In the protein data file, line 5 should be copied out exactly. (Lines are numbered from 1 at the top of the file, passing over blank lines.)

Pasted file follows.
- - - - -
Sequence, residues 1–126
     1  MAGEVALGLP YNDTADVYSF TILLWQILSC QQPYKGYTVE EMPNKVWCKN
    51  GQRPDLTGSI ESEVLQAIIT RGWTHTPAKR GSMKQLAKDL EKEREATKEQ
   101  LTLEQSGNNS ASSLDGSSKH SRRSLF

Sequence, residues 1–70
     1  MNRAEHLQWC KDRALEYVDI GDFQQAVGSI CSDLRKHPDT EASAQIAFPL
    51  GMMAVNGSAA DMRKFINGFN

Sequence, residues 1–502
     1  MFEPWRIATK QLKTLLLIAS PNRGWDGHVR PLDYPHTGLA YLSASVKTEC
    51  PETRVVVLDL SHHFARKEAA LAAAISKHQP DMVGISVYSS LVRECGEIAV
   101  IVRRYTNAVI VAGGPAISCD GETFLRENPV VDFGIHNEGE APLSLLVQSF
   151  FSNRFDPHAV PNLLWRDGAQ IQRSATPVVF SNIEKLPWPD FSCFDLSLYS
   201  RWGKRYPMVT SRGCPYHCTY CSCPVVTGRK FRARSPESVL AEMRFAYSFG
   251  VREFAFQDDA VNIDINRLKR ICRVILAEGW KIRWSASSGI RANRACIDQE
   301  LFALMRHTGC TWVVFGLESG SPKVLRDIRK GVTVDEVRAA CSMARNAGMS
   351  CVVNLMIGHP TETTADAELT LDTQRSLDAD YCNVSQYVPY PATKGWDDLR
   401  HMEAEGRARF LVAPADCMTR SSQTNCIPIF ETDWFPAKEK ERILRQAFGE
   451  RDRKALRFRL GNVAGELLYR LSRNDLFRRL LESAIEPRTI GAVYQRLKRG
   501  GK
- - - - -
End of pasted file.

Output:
Sequence, residues 1–70